Google is joining the war on diabetes.
Google's come a long way from web search and email, but every now and again the company still manages to announce a product or service that will take us totally by surprise. The company last night announced that its latest endeavor is a smart contact lens aimed at those suffering with diabetes. This contact lens will help diabetes patients by removing the need to constantly check blood sugar via a prick of the finger. Google hopes to use miniature chips and an antenna thinner than human hair to measure tear glucose.
"Over the years, many scientists have investigated various body fluids—such as tears—in the hopes of finding an easier way for people to track their glucose levels. But as you can imagine, tears are hard to collect and study," project founders Brian Otis and Babak Parviz wrote in a blog post. "At Google[x], we wondered if miniaturized electronics—think: chips and sensors so small they look like bits of glitter, and an antenna thinner than a human hair—might be a way to crack the mystery of tear glucose and measure it with greater accuracy."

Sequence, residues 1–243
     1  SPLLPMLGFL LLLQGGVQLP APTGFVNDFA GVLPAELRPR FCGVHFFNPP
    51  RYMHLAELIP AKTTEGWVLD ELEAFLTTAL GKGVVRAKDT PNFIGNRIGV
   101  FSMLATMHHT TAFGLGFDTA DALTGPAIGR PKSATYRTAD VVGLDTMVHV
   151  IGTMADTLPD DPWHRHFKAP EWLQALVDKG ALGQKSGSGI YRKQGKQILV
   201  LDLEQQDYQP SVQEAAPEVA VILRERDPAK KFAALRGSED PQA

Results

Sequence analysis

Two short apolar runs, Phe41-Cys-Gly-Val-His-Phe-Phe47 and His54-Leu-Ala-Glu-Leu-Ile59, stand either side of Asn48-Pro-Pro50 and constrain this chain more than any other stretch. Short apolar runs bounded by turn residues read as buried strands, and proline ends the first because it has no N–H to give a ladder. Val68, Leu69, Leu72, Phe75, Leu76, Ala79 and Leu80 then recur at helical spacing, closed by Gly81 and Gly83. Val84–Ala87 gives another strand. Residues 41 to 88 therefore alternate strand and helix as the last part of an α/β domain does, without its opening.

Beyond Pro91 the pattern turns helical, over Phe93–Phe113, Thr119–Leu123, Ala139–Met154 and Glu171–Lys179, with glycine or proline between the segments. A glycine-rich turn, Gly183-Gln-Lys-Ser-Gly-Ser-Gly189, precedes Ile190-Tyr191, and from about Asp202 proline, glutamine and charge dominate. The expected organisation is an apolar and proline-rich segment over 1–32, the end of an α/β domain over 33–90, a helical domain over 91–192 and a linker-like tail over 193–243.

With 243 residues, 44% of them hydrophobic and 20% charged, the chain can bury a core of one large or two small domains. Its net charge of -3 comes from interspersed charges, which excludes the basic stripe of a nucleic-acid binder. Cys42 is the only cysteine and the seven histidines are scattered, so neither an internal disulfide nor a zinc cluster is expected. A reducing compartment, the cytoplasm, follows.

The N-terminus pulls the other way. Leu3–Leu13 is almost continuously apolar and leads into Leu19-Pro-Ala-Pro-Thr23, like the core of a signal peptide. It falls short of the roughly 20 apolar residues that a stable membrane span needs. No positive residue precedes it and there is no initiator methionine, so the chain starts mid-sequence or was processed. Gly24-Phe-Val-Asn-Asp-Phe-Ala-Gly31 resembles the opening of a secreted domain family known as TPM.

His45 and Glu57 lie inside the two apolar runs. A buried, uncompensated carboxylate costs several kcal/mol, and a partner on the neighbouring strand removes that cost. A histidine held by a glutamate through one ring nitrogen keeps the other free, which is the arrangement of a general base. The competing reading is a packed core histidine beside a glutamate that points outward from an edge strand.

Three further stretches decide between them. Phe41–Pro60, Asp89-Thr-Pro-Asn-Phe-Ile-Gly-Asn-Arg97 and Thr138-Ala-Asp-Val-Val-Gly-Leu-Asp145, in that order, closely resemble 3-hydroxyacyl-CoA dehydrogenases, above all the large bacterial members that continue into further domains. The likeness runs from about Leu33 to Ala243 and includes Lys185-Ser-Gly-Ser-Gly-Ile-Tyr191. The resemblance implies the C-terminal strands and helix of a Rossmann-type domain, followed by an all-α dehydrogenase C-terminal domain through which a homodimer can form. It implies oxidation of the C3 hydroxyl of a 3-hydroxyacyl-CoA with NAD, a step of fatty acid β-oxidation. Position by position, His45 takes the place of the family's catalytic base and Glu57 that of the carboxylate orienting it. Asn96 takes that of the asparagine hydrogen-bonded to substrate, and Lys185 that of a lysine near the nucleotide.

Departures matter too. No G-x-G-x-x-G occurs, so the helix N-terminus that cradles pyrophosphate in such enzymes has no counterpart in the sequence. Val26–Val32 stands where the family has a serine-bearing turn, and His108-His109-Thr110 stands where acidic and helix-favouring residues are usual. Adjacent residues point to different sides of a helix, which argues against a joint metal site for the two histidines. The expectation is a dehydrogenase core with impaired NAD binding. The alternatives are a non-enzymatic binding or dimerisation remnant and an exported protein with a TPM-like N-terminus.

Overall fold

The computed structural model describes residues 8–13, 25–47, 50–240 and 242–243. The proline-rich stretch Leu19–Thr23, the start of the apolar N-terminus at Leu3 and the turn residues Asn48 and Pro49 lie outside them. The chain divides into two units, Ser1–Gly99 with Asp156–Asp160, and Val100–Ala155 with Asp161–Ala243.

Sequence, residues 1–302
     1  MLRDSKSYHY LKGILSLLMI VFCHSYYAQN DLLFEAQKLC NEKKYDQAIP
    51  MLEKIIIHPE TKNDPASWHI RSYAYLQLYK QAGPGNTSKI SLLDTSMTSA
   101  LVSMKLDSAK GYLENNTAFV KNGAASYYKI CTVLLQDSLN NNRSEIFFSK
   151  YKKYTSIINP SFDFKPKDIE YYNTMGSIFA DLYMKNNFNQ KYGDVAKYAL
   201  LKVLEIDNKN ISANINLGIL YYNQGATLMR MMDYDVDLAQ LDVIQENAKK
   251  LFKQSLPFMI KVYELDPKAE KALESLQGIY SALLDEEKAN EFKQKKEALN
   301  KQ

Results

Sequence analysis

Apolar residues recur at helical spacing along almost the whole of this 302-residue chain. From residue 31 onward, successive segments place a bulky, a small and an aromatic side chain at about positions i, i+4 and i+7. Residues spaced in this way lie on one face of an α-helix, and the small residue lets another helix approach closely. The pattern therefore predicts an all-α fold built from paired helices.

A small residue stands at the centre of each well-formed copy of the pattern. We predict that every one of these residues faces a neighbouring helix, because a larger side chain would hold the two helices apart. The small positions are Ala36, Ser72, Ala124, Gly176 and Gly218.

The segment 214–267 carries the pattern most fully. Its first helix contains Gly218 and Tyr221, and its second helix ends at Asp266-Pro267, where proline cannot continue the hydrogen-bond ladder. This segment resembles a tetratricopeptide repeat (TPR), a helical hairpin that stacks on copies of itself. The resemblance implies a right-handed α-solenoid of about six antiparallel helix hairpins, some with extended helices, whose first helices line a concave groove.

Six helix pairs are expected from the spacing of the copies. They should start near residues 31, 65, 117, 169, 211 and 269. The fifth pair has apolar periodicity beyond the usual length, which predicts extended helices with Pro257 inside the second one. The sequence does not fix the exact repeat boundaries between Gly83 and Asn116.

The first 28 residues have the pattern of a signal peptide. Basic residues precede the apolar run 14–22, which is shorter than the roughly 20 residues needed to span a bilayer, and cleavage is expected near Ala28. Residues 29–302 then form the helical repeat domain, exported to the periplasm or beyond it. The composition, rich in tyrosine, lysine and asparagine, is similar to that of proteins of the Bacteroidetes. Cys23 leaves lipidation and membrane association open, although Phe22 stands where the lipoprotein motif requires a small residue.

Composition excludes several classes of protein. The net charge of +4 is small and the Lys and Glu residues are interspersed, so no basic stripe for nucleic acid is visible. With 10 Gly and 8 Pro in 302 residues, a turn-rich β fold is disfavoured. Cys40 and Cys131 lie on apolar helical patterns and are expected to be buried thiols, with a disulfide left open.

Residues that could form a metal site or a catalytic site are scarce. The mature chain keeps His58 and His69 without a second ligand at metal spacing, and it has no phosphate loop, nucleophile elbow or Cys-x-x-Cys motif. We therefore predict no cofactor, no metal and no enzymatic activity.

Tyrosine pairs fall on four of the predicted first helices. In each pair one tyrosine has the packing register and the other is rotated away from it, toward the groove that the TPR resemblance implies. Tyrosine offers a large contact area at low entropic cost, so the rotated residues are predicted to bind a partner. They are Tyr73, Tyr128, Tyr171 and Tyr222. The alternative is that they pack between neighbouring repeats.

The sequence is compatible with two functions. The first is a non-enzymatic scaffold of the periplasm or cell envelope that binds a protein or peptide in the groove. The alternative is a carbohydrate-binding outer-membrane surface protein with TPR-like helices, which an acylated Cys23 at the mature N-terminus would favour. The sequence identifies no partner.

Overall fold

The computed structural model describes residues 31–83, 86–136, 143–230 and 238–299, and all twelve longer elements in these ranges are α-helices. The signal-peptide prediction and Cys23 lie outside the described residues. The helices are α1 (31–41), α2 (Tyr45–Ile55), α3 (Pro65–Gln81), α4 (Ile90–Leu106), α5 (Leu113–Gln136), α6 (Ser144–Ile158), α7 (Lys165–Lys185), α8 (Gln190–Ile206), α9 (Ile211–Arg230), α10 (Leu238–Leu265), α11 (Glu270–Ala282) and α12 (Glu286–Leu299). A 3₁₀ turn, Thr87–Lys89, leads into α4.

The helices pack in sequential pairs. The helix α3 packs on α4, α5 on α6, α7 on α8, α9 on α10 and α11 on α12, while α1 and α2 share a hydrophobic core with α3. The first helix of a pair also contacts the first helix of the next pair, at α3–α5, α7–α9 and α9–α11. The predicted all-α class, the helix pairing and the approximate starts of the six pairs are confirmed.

This smart contact lens sandwiches the necessary hardware between two layers of contact lens material and Google says the prototypes can generate a reading once per second — a frequency even the most diligent and careful diabetes patient would never be able to match with current testing methods.
It's a far cry from Google Glass in contact lens form and, for now, it sounds like all this can do is monitor glucose levels. However, if this project garners the approval of the FDA, it could help the one in 19 people suffering from diabetes to manage their disease to a point where it is minimally disruptive. Not only that, but Google wants to work apps into the equation. Imagine your contact lenses constantly and consistently feeding data on your glucose levels to your doctor and pushing alerts to your phone when your blood sugar starts to look a bit sketchy.